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Eastern Suburbs Research Seminar (July)

Wednesday, 28 July, 2:00 pm4:00 pm AEST

This event will be held online via Zoom. Use the following Zoom link to join: https://divinity.zoom.us/j/4753644089



2pm: YTU: Prof. Mary Coloe

Topic: Creation Theology in John

The Gospel of John is framed with references to creation, and recreation. This paper will demonstrate the creation theology present in “the hour” (John 18, 19, 20). Be prepared to be surprised! Please have your bibles with you as you participate in this discussion.

Check out Mary’s latest publication on John 1-10, at https://litpress.org/Products/8168/Wisdom-Commentary-John-110


2.30pm: Stirling: Dr Stephen Curkpatrick

Topic: Parmenides’ (blue) orb

This paper commences with Karl Popper’s observation of Parmenides’ seamless reality as a necessary but mistaken view of cosmology and segues to an epistemological possibility that is expressed as projections of perception onto a Parmenidean idea of our world as a unity. Popper’s methodological conjecture and refutation informs a self-critical heuristic aspect to this scene.


3pm: EBC: Assoc. Prof. Glen O’Brien

Topic: ‘“Resisting the Patriot Mob”: John Wesley and John Wilkes on Liberty’

The controversy that erupted in 1768 over the radical parliamentarian John Wilkes (1725-1797), prompted John Wesley (1703-1791) to enter the fray and comment about the contested nature of civil and religious liberty. Taken together Wesley’s political tracts from 1768 to 1772 demonstrate the fault line between the understanding of liberty held by constitutional monarchists like Wesley and the more radical Whig conception of liberty. This paper will draw a contrast between Wesley and Wilkes, both personally and politically, but also argue that the two men can be seen as alike in several respects, chiefly in their populist appeal to the middling classes.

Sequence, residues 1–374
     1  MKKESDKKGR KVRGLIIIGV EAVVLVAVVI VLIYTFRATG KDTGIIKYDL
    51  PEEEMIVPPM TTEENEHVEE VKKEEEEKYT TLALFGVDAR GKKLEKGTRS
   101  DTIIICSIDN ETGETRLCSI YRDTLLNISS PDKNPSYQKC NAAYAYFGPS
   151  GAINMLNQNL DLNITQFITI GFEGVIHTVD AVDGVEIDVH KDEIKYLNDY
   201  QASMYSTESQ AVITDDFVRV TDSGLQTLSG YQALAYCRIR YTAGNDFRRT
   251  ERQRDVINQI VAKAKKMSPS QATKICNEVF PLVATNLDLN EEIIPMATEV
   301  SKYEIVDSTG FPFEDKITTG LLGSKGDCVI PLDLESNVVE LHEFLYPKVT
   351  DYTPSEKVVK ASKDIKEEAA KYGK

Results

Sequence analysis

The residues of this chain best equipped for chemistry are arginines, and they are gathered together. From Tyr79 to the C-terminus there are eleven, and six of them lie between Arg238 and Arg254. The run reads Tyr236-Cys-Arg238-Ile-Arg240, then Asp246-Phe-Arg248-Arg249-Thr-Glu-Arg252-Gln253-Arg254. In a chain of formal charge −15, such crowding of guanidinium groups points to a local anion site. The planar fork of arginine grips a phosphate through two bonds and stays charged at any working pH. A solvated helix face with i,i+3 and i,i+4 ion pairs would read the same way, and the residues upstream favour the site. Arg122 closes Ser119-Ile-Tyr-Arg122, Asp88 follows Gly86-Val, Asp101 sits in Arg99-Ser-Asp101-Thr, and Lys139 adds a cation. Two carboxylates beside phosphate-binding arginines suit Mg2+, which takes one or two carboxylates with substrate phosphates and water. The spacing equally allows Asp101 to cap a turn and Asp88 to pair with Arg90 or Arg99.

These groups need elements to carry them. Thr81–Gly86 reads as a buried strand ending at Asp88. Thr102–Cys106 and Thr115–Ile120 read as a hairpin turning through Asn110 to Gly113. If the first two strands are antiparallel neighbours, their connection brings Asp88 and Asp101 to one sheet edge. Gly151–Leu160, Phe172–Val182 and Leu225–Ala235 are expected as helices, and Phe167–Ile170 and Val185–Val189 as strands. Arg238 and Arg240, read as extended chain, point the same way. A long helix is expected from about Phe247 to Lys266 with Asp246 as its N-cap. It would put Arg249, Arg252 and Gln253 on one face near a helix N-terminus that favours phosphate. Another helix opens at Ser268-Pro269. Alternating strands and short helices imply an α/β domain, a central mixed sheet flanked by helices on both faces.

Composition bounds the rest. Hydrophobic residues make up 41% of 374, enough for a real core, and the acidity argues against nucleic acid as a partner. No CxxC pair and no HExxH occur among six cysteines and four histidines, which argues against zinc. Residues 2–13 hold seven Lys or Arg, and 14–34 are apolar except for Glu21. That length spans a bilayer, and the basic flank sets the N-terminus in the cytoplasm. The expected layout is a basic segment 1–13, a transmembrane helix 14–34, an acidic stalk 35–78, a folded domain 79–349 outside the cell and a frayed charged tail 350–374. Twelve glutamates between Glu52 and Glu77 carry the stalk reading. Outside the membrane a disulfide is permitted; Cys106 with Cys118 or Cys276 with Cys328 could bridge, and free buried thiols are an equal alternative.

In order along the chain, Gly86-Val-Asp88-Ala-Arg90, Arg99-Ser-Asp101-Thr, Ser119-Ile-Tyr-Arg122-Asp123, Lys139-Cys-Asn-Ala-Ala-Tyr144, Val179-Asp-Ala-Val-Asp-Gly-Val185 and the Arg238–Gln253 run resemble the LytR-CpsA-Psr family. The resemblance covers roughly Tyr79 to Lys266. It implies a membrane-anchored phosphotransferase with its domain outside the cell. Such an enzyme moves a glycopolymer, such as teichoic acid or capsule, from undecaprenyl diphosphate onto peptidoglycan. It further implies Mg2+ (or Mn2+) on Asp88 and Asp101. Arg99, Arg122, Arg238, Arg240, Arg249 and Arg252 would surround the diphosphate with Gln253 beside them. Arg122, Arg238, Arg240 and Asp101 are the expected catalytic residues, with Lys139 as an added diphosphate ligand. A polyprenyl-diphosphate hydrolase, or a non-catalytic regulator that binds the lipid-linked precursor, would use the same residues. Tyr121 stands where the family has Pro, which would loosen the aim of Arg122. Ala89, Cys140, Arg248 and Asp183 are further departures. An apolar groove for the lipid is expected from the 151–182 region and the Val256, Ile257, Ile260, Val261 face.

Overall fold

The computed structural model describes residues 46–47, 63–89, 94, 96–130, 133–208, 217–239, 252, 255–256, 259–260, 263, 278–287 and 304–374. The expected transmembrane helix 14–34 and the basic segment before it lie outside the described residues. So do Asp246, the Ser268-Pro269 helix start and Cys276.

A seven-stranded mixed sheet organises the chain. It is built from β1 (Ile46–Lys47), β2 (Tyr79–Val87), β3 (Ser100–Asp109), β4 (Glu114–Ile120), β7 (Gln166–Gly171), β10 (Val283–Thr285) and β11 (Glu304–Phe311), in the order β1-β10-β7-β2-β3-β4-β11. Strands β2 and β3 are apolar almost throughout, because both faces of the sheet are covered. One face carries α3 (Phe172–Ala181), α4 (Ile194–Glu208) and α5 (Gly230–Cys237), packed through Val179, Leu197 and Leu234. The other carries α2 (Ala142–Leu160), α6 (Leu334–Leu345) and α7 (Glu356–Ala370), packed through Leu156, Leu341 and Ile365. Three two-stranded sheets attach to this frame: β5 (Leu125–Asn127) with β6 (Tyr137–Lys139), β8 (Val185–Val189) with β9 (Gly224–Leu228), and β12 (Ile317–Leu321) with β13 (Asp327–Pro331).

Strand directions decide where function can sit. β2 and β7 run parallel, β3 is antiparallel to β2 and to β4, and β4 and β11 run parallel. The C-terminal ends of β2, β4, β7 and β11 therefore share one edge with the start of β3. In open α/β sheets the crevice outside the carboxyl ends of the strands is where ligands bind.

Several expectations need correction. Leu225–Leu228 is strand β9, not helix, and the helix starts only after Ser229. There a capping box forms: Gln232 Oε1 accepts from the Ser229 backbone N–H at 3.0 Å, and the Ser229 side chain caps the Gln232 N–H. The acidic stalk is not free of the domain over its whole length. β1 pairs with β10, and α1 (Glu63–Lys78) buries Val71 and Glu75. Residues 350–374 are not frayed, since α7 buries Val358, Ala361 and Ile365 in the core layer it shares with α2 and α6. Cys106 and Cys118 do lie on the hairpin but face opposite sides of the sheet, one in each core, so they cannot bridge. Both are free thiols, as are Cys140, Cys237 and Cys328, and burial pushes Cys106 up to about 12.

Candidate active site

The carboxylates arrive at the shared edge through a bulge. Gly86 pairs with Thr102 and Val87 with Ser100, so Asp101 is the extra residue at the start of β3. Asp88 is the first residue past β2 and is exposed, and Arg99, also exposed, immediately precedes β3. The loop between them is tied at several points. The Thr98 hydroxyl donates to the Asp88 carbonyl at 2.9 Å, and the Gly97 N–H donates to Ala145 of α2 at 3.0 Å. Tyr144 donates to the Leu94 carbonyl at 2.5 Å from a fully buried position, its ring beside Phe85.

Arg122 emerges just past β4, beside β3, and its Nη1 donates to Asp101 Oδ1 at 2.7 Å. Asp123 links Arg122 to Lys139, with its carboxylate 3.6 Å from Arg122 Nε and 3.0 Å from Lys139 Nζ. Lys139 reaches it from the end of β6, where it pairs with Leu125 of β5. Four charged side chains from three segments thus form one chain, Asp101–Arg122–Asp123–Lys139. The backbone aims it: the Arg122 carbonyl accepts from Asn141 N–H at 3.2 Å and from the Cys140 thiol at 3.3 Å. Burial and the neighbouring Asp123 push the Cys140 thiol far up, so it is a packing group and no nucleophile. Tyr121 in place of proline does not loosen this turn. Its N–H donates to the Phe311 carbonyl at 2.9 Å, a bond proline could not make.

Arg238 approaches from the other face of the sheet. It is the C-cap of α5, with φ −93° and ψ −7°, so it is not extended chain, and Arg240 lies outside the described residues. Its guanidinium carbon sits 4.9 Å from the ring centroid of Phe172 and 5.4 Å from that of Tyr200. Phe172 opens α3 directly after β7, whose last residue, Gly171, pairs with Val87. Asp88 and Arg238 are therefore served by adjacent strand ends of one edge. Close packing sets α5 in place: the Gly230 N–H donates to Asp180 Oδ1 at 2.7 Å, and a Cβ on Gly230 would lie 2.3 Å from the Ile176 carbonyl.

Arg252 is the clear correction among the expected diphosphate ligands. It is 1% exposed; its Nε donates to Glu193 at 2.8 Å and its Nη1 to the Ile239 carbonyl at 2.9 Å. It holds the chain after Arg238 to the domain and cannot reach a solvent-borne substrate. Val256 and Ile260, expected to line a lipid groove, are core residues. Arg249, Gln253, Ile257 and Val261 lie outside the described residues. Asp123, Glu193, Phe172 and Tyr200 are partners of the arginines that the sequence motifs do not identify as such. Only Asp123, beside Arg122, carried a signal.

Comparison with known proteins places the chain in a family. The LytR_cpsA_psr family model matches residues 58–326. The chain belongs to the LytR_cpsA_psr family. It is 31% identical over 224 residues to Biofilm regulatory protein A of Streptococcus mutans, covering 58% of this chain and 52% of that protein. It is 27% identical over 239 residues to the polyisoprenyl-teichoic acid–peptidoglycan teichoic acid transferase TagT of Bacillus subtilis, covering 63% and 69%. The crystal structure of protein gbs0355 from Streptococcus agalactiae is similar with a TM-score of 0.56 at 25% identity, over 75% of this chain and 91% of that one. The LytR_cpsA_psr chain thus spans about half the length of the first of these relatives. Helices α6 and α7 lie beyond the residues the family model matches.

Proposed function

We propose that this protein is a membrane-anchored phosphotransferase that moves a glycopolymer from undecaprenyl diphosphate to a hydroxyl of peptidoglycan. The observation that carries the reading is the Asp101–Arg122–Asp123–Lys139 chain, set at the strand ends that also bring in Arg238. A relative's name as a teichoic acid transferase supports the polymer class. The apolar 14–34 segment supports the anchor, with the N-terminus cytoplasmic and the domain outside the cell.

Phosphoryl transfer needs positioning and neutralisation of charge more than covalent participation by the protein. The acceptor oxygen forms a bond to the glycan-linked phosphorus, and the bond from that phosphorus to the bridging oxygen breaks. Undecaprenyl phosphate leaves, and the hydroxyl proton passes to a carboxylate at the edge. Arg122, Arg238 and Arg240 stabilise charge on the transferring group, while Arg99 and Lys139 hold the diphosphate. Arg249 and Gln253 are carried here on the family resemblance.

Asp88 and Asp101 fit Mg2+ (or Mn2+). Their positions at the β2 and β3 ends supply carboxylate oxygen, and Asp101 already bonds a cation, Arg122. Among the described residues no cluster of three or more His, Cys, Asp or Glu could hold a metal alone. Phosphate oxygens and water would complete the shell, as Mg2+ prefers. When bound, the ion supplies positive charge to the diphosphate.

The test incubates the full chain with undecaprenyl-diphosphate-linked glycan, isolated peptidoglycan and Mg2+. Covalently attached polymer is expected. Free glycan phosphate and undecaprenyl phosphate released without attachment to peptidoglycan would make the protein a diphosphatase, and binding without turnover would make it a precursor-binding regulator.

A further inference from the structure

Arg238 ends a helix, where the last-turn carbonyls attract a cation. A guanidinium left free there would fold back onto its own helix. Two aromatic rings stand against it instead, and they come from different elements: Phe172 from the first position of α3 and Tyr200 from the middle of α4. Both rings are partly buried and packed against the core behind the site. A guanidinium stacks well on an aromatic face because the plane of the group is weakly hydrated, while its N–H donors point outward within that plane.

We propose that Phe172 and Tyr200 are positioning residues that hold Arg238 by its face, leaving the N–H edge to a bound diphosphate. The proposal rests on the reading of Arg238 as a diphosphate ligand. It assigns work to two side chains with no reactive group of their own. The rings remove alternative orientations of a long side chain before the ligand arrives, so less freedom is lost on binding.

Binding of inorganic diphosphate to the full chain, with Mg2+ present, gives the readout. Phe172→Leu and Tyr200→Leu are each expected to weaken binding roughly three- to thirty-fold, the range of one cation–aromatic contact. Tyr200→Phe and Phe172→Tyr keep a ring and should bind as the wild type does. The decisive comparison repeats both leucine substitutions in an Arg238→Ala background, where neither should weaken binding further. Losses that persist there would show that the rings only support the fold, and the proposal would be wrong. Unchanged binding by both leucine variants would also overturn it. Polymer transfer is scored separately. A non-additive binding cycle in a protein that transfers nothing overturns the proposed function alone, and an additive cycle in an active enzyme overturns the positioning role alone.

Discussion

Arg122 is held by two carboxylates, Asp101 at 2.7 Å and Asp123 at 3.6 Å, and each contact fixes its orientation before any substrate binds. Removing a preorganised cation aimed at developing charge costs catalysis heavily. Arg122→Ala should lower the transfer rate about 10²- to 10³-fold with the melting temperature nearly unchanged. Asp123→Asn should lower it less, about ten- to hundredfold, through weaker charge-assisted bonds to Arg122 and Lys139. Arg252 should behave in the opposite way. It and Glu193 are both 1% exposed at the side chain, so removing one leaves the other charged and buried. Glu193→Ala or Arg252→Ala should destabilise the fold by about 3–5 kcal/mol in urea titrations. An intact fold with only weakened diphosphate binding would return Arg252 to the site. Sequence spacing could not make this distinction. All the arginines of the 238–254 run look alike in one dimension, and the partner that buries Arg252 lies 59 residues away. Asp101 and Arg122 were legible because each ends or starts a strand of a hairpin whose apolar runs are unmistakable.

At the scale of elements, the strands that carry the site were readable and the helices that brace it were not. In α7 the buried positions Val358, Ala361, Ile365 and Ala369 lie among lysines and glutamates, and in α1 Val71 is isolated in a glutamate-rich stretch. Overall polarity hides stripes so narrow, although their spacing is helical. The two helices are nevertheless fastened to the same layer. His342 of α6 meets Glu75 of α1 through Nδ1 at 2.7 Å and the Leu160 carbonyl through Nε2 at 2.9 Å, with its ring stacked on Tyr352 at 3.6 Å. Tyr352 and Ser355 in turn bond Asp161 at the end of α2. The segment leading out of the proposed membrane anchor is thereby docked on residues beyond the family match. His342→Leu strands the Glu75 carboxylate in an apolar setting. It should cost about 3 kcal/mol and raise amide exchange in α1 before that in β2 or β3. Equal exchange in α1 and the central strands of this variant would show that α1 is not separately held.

3.30pm: SAC: Dr Lisa Agaiby

Topic: Sayings of St Antony the Great from the Arabic Apophthegmata Patrum

The sayings in the Apophthegmata Patrum attributed to St Antony the Great exist in various textual traditions, recensions, and linguistic manifestations and, together with the Life of Antony, are authoritative texts for understanding Antony and his community. The sayings have been spoken, read, transcribed, and practiced as part of monastic discipline for generations. The sayings attributed to Antony in Arabic exist in a vast number of manuscripts, most of which are still untapped in monastic libraries. A surprising number of sayings attributed to Antony in Arabic are unattested in either the Greek or Coptic recensions and, based on the dating of the Arabic manuscripts, it appears the unattested ‘additional’ sayings were gradually incorporated into the Arabic

Apophthegmata from the sixteenth century onwards. This paper provides an overview on the background to the Arabic tradition on Antony’s unattested sayings, based on unpublished manuscripts at the Red Sea monasteries.


4pm: close.


Wednesday, 28 July
2:00 pm–4:00 pm AEST
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St Athansius College

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